[…] “Behavioural safety doesn’t resolve workplace health and safety problems, it buries them. It finds workforce scapegoats, not management solutions,” said the ITUC in a statement. […]
[…] The standard was initially expected to be adopted before the end of 2016.
See also: http://blog.psybel.de/kategorie/referenzen/etui/
http://www.ishn.com/blogs/16-thought-leadership/post/99002-99002-mark-your-calendar-october-2016 (2014-07-10; by Tom Slavin)
[…] The ISO standards process tends to be fairly bureaucratic and target focused. Deadlines need to be met even if the standard is not quite ready. The assumption is that problems can be fixed at the next stage or next revision. […]
[…] Perhaps the most fundamental debate is a philosophical difference about the scope (should the standard focus on hazard reduction or management system elements?). The OHSAS 18001 group would like to focus on hazard reduction, mainly because it is easier to audit. The ANSI Z10 group (mostly U.S.) would like to focus on hazard control and management system elements, such as management support and employee involvement. […]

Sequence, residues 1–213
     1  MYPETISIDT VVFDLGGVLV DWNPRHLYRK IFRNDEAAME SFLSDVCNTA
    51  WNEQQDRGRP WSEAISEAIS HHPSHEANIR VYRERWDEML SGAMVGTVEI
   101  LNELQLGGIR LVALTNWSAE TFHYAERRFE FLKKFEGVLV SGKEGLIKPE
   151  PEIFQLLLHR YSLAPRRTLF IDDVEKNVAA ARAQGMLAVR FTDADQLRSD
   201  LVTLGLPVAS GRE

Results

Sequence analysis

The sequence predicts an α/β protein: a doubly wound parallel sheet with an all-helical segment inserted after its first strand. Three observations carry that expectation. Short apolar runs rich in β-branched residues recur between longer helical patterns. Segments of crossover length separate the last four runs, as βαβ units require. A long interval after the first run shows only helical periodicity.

[…] It was evident that the hazard control processes and programs covered by OHSAS 18001 are good on paper but have management systems and safety culture blind spots […]
Very interesting article.